Thursday, September 26, 2013

Michigan's Approach to Medicaid Expansion and Reform — NEJM

by John Z. Ayanian, M.D., M.P.P.
By linking Michigan's Medicaid expansion to market-oriented changes in this federal–state program, the governor and legislature have created a pragmatic pathway to link Republican and Democratic priorities for health care. The key Democratic goal of expanding Medicaid coverage to low-income adults will be implemented in tandem with Republican objectives to control the state's health care costs, increase the role of private health plans, and require some new Medicaid enrollees to contribute toward the costs of their care. In recent years the U.S. Congress has rarely been able to achieve bipartisan agreement on health care or other major issues. Thus, the best prospects for achieving greater efficiency and equity in health care may arise from states such as Michigan that can blend public and private approaches to health care reform, with bipartisan support.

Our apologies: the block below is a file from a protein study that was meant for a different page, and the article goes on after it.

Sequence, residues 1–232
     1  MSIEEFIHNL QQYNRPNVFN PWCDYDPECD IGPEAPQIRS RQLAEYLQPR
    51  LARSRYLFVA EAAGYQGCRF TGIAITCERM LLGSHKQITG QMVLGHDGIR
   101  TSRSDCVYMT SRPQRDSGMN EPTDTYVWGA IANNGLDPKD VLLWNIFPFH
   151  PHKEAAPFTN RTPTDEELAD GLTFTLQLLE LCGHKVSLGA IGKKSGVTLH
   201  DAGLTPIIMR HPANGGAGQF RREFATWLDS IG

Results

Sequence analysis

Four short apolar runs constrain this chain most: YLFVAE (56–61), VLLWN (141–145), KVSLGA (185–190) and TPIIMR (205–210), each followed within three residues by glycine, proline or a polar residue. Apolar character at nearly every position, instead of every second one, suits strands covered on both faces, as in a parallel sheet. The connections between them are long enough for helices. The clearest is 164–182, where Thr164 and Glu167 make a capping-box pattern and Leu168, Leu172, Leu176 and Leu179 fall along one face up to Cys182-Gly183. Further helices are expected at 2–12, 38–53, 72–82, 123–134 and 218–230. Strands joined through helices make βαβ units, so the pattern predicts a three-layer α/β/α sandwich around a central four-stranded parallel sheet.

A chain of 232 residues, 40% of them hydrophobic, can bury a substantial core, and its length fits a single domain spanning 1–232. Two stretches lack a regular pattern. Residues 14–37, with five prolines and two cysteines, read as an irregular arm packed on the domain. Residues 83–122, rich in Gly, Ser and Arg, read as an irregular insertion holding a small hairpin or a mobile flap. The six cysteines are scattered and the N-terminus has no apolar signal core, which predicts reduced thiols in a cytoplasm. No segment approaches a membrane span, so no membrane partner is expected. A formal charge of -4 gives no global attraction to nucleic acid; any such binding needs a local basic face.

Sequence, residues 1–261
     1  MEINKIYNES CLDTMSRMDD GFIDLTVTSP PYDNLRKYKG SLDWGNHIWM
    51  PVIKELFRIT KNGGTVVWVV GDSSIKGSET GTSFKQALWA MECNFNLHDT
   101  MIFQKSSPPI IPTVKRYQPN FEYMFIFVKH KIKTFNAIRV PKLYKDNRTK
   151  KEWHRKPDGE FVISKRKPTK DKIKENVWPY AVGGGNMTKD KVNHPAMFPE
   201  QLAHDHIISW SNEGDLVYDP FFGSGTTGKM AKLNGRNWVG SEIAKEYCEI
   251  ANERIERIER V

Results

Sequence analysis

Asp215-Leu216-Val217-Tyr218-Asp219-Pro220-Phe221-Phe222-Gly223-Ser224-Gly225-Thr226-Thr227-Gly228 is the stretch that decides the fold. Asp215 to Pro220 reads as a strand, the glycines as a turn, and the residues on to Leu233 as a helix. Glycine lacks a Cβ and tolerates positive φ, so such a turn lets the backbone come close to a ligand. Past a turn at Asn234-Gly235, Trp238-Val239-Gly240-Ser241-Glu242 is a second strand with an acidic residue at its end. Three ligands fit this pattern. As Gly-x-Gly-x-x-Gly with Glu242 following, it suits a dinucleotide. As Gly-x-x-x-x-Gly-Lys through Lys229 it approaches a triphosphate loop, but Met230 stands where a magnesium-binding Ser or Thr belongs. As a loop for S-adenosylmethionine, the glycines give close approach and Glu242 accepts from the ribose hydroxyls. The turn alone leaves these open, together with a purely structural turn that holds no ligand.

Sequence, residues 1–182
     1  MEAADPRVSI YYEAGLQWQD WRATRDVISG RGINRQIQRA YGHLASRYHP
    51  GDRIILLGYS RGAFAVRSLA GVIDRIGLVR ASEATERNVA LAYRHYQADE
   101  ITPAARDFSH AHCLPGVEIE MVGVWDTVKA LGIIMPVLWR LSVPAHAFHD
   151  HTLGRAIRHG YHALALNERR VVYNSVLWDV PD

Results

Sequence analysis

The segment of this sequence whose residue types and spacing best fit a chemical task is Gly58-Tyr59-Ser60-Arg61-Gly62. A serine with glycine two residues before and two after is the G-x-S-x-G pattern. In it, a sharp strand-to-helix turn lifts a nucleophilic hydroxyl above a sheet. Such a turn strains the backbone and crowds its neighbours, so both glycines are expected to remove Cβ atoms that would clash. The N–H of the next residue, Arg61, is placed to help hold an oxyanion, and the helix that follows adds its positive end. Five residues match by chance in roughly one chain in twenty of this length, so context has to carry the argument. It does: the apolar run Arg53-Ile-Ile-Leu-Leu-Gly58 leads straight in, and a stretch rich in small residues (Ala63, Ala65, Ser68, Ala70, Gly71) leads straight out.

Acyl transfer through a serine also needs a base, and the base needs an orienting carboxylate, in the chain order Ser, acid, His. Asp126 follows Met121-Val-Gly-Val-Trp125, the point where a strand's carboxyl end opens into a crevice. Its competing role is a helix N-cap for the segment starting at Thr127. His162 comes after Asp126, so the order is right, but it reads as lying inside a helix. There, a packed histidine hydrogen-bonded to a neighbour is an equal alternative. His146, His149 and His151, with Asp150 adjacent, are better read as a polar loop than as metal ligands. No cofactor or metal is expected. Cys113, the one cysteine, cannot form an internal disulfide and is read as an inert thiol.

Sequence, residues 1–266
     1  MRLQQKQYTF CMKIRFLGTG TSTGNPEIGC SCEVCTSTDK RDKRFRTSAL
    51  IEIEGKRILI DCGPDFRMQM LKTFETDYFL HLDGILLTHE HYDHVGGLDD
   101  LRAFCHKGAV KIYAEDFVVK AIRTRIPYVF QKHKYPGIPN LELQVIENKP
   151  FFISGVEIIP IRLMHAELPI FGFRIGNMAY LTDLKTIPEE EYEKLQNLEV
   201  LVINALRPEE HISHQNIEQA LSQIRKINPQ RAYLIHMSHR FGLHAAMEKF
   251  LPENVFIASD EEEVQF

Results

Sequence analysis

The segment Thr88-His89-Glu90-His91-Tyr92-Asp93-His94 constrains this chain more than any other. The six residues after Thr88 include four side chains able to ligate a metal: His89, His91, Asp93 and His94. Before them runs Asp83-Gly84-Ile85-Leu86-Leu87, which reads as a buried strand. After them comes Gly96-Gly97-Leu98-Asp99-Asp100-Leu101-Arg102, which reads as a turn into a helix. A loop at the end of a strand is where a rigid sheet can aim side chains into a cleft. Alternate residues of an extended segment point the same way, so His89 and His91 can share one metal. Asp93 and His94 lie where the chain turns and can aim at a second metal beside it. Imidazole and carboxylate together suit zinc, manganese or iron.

Expands Medicaid to cover adults with incomes up to 133% of federal poverty level beginning in April 2014  . 
Authorizes Michigan to withdraw from the Medicaid expansion if new state Medicaid costs in 2017 and later years are not offset by other related savings in the state budget.
Introduces cost sharing amounting to up to 5% of annual income for new enrollees with incomes of 100% to 133% of the federal poverty level and allows reduced cost sharing for enrollees who engage in healthy behaviors.
Enrolls newly covered adults in private managed-care plans, with health savings accounts funded by enrollees or their employers to cover cost sharing.
Requires new Medicaid enrollees to have access to primary care and preventive services and be offered the option of completing advance directives for end-of-life care.
Authorizes the Department of Community Health to identify innovations in Medicaid that improve the quality of care, reduce its costs, or both.

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